Home Schooling Is Not a Crime – Michelle Malkin–Commentary

Done right, home schooling is a very low-cost, personalized educational option, conducted in a safe, non-violent environment—your home. Statistics consistently indicate that home-schooled students excel in higher education and go on to lead functional, productive lives.

There are, of course, a number of life’s little inconveniences and impediments that operate against successful home-schooling. First, the parent-child chemistry has to be there. Many parents have told me that it simply would not work for their Matthew or Emily. Home-schooling my own son would have been the ultimate test of my patience. Both parties have to be committed and emotionally in-sync with the program. 

Secondly, you all but have to have one fulltime stay-at-home parent. In today’s world, two-income households are pretty much the norm. A work-at-home parent with a flexible schedule or a parent who works in the evenings could also make home schooling a viable option.  A private tutor is also an option, but only if you’re Paul McCartney.

Bear in mind, if you home-school your child through the elementary-school years, and decide to send her to a standard high school, be prepared for “culture shock.” It may take a while, if ever, for the child to acclimate to an institutional setting. Fixed class schedules, lunches, etc., may not sit well with a child used to the more flexible home setting; not to mention the teasing, the bullying, guns, knives, and drugs, if you opt for public high school.  It’s all part of the complete government education package.  Students are shocked to learn that pleasing your mother is a lot easier than pleasing your peers. 

But if you are looking for a way to get your child out of the toxic, dumbed-down, PC, Common Core learning environment, home schooling may be something to consider. Home schooling isn’t for everybody, but public school isn’t for anybody.

Please enjoy this article by Michelle Malkin.





President Trump is quick to tout his intelligence, his wealth, and his accomplishments. Today, he called himself a “very stable genius.” At least half of America thinks he’s an obnoxious blowhard, even crazy. I think there is a method to his madness.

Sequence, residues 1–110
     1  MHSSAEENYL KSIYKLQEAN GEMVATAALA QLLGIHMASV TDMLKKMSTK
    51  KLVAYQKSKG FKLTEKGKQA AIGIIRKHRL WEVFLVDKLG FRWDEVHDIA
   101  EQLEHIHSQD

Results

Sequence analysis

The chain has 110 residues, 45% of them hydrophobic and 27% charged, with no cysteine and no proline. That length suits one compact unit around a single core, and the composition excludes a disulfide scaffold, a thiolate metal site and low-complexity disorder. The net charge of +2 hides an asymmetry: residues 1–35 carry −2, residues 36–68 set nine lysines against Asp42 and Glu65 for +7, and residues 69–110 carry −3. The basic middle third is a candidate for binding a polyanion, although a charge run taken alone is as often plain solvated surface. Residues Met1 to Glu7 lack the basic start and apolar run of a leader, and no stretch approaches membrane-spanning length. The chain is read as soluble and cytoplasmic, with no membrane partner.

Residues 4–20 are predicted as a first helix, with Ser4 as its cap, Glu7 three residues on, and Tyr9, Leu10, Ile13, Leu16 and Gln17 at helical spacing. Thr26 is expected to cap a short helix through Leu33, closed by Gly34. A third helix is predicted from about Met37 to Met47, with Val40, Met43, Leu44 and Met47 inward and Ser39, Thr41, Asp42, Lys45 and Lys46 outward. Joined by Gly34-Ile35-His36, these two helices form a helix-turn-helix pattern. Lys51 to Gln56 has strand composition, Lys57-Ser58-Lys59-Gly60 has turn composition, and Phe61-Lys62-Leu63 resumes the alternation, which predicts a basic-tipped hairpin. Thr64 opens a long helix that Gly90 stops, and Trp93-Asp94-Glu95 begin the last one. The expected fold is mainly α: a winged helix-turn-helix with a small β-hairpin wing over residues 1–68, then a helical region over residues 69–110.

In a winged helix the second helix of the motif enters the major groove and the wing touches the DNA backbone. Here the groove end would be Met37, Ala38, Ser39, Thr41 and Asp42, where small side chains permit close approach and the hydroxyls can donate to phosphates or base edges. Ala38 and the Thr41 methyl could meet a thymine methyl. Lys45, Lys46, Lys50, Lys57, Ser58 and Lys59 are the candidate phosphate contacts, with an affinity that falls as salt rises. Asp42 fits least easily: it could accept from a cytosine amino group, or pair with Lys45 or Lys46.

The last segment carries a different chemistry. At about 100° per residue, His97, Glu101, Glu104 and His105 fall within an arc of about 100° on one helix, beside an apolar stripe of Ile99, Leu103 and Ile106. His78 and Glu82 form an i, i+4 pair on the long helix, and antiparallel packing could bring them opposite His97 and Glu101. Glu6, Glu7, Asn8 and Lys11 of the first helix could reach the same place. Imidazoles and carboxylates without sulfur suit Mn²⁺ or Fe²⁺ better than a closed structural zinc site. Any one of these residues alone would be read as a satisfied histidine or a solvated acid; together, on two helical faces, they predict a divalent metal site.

Millions of American kids have been brainwashed by the public education system and modern culture to believe that their intelligence and accomplishments, like those of their parents, are a function of “privilege.” Something to be ashamed of or feel guilty about.  Diligence and motivation have nothing at all to do with success. Students are now being tested across the country to determine their “privilege awareness.”

President Trump is taking on Political Correctness in subtle ways most social justice warriors are too blinded by hatred to consider. By openly and vocally expressing his pride in his own self-driven merits, President Trump is trying to send a strong message to today’s youth—Don’t be ashamed of your virtues. Virtue is the fruit of rational thought. Diligence and motivation are virtues. Do we want our kids to fail because some of their peers are failures? Are they to be ashamed of their accomplishments because others have none? Are they supposed to go through life with half their brains tied behind their backs because others are intellectually challenged?

Where would mankind be if it weren’t for the productive—the brain-i-acs, the hard-working, the creative, the entrepreneurs, the competent, who seek only an honest return for their efforts and the freedom to pursue their goals? In today’s America and elsewhere, competence is an unforgiveable offense subject to merciless derision by cultural marxists in our public schools, colleges and universities, and the media. If it weren’t for the competent, we’d all be hunter/gatherers living in stone-cold, fetid hovels.

There is work to be done, things to be invented, medical and scientific breakthroughs to be made. Are we to entrust our future to those who won’t get out of bed, crack a book, or fill out a job application? To be sure, there are millions of poor and destitute, through no fault of their own, deserving of our help and compassion. We must find a way to differentiate between those who cannot work and those who will not work. Our current welfare system has failed to do this.

That said, we must never criticize or subject to systemic condemnation the hardworking, the ambitious, and the intellectually gifted. After all, our future is in their hands. They must be encouraged to reach for the stars and play every game like it’s the seventh game of the World Series. Indeed, all of our children must be inspired to succeed to the extent of their abilities, and taught that failure is only a step away from their fondest dreams.

President Trump is right to take on this toxic mindset and warped value-system.

Student Accepted to Stanford for Writing Black Lives Matter 100x

This is such a sad commentary on our public education system and culture that I nearly threw up when I read it . I wonder how his application would have been received if he had been a volunteer for Donald Trump instead of socialist wing-nut Martin O’Malley. Or if he had written 100x, “Long live the Founding Fathers,” instead of Black Lives Matter. You can probably get into any college by sucking up to the liberal establishment, using the right catch phrases, singing the praises of Hugo Chavez, or being a member of any officially sanctioned victim group.